What I Dislike About Triathlon
Let me set this straight from the outset:
I love this sport. I do.
I love the pure and raw emotion that comes with exploring your headspace as you push the body into places you haven’t been too before. I love the passion and exuberance that spectators and competitors alike bring to the race atmosphere. I love that spine-tingling moment of turning into the finish chute and the rush of (finally) crossing the line.
But there is something about this sport that has never sat well with me. It wasn’t always there – or maybe I was just naive in my earlier days. Although, I do believe that it has grown rapidly over the last few years and is beginning to change the sport, and not for the better.
In its raw form, Triathlon is a sport about grit, hard work, perseverance, and endurance. There is a minimal requirement for this sport; you must be willing to explore those attributes to achieve anything in the sport (by anything, I mean everything: from your first IM race, breaking an hour goal, to getting to Kona).
If you aren’t willing to explore those traits, then you are not dedicated to yourself, or the sport.
As I have watched this sport continue to grow from a small niche into a larger commercial success (albeit with more room to grow), I have noticed a shift from these traits, into more about doing whatever it takes to “get noticed”, or to “be seen”. A move away from the realities of this sport, towards creating a “perception” of that reality.
There are more pictures, posts and blogs about how successful an age group athlete appears to be than there are on how hard it was – the truth behind it all – to get there in the first place.
Nowadays when I am our riding with local athletes, the conversations are mainly focused on matching colour schemes for bikes and kits, or the need to have the updated version of the same watch that was updated six months ago.
We talk more about the consumerism of the sport than we do about what is required to do well in the sport.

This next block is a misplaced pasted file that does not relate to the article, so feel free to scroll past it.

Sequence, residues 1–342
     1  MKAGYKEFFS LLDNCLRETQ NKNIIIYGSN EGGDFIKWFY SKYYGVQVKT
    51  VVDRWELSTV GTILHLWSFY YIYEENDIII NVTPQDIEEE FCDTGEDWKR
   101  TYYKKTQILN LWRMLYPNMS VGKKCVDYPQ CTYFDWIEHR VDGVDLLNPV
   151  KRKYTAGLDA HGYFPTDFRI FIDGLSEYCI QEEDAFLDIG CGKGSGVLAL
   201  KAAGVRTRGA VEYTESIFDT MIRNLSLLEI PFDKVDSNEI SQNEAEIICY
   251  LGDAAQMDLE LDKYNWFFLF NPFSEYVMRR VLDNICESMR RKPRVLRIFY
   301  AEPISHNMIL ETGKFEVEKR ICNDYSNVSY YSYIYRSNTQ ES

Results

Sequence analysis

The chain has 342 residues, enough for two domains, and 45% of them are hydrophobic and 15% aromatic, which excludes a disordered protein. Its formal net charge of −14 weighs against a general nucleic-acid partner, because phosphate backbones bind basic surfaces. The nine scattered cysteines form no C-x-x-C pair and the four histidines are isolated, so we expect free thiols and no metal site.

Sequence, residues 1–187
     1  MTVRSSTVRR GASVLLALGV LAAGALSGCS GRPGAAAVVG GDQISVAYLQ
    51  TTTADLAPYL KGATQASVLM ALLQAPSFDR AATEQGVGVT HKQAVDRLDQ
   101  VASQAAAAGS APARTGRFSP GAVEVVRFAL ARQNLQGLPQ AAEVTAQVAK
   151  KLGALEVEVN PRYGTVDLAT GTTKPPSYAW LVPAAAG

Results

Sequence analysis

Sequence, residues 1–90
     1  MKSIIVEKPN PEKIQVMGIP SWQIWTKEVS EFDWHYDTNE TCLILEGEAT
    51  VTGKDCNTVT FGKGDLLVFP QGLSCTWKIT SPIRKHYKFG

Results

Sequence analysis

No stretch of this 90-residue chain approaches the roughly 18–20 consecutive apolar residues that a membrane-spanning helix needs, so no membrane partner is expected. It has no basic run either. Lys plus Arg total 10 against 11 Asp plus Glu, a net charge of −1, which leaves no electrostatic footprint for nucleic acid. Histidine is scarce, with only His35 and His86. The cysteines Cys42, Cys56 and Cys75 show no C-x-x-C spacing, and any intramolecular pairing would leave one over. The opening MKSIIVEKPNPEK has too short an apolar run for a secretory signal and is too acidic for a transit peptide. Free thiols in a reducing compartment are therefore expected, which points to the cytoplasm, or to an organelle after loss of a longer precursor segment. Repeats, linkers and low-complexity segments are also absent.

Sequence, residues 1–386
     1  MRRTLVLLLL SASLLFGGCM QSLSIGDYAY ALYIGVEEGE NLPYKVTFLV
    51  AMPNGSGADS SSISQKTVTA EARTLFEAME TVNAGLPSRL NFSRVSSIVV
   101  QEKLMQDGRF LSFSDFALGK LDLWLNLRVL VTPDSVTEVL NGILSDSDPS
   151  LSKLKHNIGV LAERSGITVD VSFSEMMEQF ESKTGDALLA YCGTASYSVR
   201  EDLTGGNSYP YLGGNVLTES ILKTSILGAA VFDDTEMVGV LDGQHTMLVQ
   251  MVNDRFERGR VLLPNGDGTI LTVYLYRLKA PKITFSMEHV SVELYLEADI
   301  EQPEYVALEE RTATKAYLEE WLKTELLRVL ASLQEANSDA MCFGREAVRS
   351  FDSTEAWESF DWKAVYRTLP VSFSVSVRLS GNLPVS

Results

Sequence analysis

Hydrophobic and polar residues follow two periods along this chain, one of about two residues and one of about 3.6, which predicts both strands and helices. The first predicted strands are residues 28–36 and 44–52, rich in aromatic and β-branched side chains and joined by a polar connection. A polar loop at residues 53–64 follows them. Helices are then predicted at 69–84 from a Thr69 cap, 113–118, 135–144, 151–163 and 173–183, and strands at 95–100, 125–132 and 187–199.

Call me old school, or a traditionalist, but “back in the day” it wasn’t about that.
It was less about the bike, the shoes, the watch, the apparel, the shakes, the “likes”, and the excuses. Racing was grit. Racing was raw and honest.
Now before you write this off as a native rant from a jaded coach/ athlete, let me be straight: I am a realist. I understand that part of the success of triathlon’s growth is due the increase in numbers, the rise of social media, and the advent of “bucket list” sports.
I do feel, however, that the balance is swaying in favour of the fake VS the real. The staged training photos, instead of the blood(?), sweat and tears involved.
The image has become more important than the truth.
That’s not what the sport is really about though. This competition was borne on the notion of embracing the challenges of a multi-disciplined sport, while working full-time, or raising a family, or on a shoe-string budget, or despite the fact that your family “doesn’t get it”.
That is what endurancecollab is about. Real athletes, real training and ultimately real success. We are about the actual reality of the sport – the grit, grit, hard work, perseverance, and endurance. It’s about this single truth: this sport is hard, it is demanding, and it takes some time to master the craft.
And that truth is also the most beautiful part of this sport. It’s what separates it from so many others. It’s what makes it so unique. We – the collective of athletes – need to re-adopt those principles
Triathlon is a sport for everyone. Everyone willing to pursue their own versions of grit, hard work, perseverance, and endurance, and ultimately learn something about themselves.
Photo Source: Pinterest. Orginal Source: slowtwitch.com